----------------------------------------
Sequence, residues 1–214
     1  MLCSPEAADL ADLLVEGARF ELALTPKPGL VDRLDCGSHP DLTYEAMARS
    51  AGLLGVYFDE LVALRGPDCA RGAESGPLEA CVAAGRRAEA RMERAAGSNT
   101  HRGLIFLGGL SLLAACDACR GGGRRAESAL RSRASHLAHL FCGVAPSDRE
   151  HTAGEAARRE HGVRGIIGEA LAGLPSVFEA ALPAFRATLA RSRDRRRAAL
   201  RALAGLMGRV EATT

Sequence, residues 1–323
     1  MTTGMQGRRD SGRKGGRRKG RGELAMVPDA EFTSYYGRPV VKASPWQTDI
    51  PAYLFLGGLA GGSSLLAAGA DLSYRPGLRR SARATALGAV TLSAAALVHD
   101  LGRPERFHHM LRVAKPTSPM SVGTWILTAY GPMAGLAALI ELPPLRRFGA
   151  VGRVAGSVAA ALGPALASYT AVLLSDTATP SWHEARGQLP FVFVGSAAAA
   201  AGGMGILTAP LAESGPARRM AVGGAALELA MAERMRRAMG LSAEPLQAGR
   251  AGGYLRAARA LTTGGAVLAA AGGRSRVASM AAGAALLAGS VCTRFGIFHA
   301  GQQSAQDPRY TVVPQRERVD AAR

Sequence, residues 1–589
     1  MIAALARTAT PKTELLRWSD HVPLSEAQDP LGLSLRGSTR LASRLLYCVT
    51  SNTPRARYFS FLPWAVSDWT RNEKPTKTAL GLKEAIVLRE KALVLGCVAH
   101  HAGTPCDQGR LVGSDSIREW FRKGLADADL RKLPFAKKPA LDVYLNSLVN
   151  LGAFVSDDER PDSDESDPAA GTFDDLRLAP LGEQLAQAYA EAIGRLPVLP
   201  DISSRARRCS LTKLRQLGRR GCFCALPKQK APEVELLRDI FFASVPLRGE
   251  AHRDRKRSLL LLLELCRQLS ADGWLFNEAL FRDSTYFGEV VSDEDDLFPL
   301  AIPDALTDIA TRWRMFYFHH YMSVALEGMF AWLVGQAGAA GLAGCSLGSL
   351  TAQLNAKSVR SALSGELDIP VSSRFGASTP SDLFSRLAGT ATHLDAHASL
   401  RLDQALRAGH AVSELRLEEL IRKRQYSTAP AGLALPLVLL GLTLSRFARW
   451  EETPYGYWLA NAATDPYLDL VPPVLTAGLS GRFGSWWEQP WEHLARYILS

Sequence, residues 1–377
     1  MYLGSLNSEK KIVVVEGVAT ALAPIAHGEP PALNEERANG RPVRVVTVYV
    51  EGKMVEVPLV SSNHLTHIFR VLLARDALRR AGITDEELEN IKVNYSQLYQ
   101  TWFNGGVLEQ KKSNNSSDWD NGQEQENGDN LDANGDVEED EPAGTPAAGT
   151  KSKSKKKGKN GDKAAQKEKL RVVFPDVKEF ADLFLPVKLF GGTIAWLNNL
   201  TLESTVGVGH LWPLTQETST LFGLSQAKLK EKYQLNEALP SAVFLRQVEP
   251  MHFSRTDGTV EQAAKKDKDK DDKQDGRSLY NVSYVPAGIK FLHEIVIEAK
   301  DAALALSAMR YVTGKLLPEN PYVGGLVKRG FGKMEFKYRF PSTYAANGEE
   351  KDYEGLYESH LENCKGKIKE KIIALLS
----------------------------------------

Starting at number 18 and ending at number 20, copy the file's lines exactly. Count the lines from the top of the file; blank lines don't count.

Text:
   101  HAGTPCDQGR LVGSDSIREW FRKGLADADL RKLPFAKKPA LDVYLNSLVN
   151  LGAFVSDDER PDSDESDPAA GTFDDLRLAP LGEQLAQAYA EAIGRLPVLP
   201  DISSRARRCS LTKLRQLGRR GCFCALPKQK APEVELLRDI FFASVPLRGE